Various Sizes
Silkscreen, UV Ink, RISO 
An Incomplete Archive of Capturing Blackness

Printmaking project probing the past and future of
Black and queer artists

This project is an both an archive and an ongoing commentary on the nature of said archive consisting of histories and photos that would be archived under [Black] or [African/American]. The project pulls under-shared stories of historically significant Black trans and Black queer leaders and annotates them with screen prints and handwritten archive tags that illuminate the stories. The archive also includes copper UV print photos of current Black RISD students with their own handwritten archive tags. This creates a voice for these artists in defining how they will be described to future generations.

The final component of the project is a “petition for inclusion” so that viewing the archive becomes a participatory event. This petition solicits from the viewer their involvement by asking them to suggest stories or artists that they believe should be added to the archive. Harmful laws and bigotry flourish when stories are forgotten, erased and hidden. The aim of this project is to pull these stories of black existence from books where they may be rarely encountered and present them in an accessible visual format. Increasing the visibility of these stories helps to shift public opinion, which is key to the safety and flourishing of Black trans and queer communities.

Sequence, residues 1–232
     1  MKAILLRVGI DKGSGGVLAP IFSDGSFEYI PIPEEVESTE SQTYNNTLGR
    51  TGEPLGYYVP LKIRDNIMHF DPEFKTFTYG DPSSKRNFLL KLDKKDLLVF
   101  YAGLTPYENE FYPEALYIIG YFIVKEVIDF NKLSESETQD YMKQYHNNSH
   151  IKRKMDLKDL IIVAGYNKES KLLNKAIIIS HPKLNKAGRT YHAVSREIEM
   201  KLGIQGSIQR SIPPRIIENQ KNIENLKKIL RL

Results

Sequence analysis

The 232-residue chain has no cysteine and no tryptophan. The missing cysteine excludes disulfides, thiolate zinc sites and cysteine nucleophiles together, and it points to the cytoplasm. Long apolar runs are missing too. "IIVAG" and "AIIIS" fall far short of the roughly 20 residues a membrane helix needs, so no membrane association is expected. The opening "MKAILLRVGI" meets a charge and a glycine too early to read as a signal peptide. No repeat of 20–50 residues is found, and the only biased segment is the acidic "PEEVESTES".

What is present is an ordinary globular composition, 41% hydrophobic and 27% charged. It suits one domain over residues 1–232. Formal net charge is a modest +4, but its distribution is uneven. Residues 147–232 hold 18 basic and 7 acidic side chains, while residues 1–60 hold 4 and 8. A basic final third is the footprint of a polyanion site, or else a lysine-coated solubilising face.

The guiding spirit of the project is visibility: we are here, we have been here, and we will continue to be here.

In reference to the need for non-Binary pronouns, Alok Vlad-Menon says, “But what about those of us for whom there are no words? It’s not that we don’t exist, it’s that we have been written out of Language”. This archive is focused on stories that have been “written out” of our traditional narratives of Black History. This history is overwhelmingly told as straight, since homosexuality and gender nonconformity are generally viewed as contradictory to the “model” minority narratives that are highlighted by Black History. Black queer youth are presented with a narrative that shows Billy Porter and Lil Nas X as the first “out” black queer icons. They are denied learning about the existence of Stormé DeLaurie or Gladys Bentley. An Incomplete Archive of Capturing Blackness fights these faulty narratives by capturing snapshots of these “invisible” lives, showing the depth and variety of lives that enrich the fullness of Black History.

Archive petiton for inclusion.

© 2023 Jenni Oughton
Last updated 04/2023